Raising House Rabbits
Providing Information About Rabbits
Being involved in rabbit rescue and rehabilitation one comes across many an orphaned kit. Anyone who comes by these helpless creatures cannot just stay idle and instantly hopes to raise the orphans whether they are domestic rabbits or their wild cousins. Let me tell you, raising newborn kits is not an easy undertaking. The survival rate for orphan rabbits is extremely low. If they donít die within the first few days they often die between four to eight weeks when weaning would naturally occur. This is also the point were the stomach pH values drop from 5-6.5 to a more normal range of 1-2. Very few people, including professionals have successfully hand reared newborn kits without loosing any from the litter.
When dealing with wild orphans, do not assume that a litter of rabbits is orphaned just because mamma rabbit is now where to be seen. A mother rabbit only nurses her kits once or twice a day and often leaves the nest during the day to hunt for food. A well fed baby will have a very distended tummy, looking like the "Pilsbury Dough Boy". Whereas a baby that has not been fed, will have a sunken tummy and their skin will be wrinkled from dehydration and they may appear to be weak or unresponsive.
If you do happen to come into possession of orphaned rabbits keep them warm, around a temperature of 27-30įC (80.6-86įF), heat loss is a primary cause of death among newborn kits.
Until you can get them to the veterinarian or wildlife rehabilitator you may want to place a drop of honey or fruit jam into their mouths to help keep their blood sugars elevated.
In the event of a worse-case scenario and there is no wildlife rehabilitator available, or your pet rabbit (mother of the kits) has died or is unable to care for the babies herself you may need to hand rear the kits yourself.
I have listed some formula suggestions which can be used as a replacement for motherís milk. You must be careful when feeding kits. You do not want to over feed them, nor do you want them to aspirate on the formula. All of which can happen very quickly and easily.
To safeguard against aspiration hold the kit facing towards you in an upright position or at a 45 degree angle, and point syringe down towards bottom or side of mouth. Use extreme caution not to get formula in their noses. If this happens, firmly press down on the bridge of the kits nose, and move down to the top lip and wipe the milk away with a soft tissue.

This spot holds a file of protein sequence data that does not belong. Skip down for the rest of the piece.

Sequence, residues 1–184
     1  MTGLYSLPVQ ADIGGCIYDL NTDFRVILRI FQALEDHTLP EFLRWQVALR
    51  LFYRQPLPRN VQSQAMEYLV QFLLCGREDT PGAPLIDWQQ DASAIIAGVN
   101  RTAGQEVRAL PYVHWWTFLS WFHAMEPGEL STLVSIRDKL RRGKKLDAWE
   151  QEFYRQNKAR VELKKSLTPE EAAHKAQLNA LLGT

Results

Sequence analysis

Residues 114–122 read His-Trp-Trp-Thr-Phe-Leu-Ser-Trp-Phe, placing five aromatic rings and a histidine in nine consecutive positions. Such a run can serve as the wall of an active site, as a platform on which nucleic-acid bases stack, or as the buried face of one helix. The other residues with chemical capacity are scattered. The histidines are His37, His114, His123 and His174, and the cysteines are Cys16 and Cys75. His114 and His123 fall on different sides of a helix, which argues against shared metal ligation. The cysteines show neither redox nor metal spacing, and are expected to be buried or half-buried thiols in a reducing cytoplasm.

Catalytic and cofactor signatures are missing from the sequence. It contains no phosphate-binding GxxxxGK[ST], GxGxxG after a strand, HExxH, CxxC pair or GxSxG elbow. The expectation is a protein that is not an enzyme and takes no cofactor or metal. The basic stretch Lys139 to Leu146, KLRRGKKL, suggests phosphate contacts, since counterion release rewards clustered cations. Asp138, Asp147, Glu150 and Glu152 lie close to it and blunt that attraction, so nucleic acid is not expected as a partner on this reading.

For the first few feedings you will probably have to place the tip of the syringe in the corner of the mouth placing just a drop or two of formula inside the mouth. Wait for the bunny to swallow before trying again.
A mother rabbit will feed her kits twice a day. Therefore the minimum you should feed a kit is every 12 hours. However, it has also been suggested that you should feed the kits more frequently. No matter how often you feed the kits be extremely careful not to overfeed them as this can prove deadly. Before attempting to bottle feed a kit yourself I suggest you read the article "Bottle Feeding Kits" in addition to the information listed below.
1-2 weeks old kits,
Feed every 6 or 12 hours, no more than 4-5cc/ml
per day for the first week and 10-14cc/ml for the second week. After each feeding you must wash the kitsí belly and genital area with a warm moist towel to stimulate them to pee.
2-4 week kits,
Feed every 8 or 12 hours, no more than 14-26cc/ml per day, in addition introduce hay, pellets and water. Cecotropes should be introduced to the kit as soon as the eyes are open giving each kit only one per day for 4-5 days.
4-6 week kits,
Feed every 12 hours, no more than 26-30cc/ml per day.
After 6 weeks of age you no longer need to supplement the kitsí diet if they are eating a regular diet of pellets.
If you are adding acidophilus powder (Probiotic) to the formula kits 2 weeks and younger should be given 1/2cc/ml per day and kits older than 2 weeks fed 1cc/ml per day.
Hand-rearing orphaned kits is not without its problems.
Diarrhea is common place, it could be the result of over feeding or the formula may be too rich. If diarrhea continues for more than a day it is best to see your veterinarian.
Dehydration is also no stranger to orphaned kits. This could mean the kit is not getting enough fluids so you may want to replace one or two feeding with Pedialyte.
Constipation is another complication so you must remember to wipe the belly and genital region after each feed to stimulate the kit.
1. The Biology & Medicine of Rabbits & Rodents - page 26-27
2. ARBA Official Guidebook to Raising Better Rabbits & Cavies - page 126-127
3. Rabbits For Dummies - page 193-195
4. House Rabbit Handbook - page 88-89
5. Rabbit Health, Husbandry & Diseases - page 61-63
6. I Found A Baby Rabbit, What Do I Do? - page 35-39
7. HRS Article: Domestic Baby Bunnies And Their Mom, by Sandi Koi
8. HRS Article: Caring For Orphans
9. Article: Hand Raising Baby Bunnies, by West Boulevard Veterinary Clinic
Disclaimer: Raising House Rabbits takes no responsibility for the use or misuse of any information in this article. If you are uncertain of how to deal with a situation, consult your veterinarian or local animal rehabilitator immediately.
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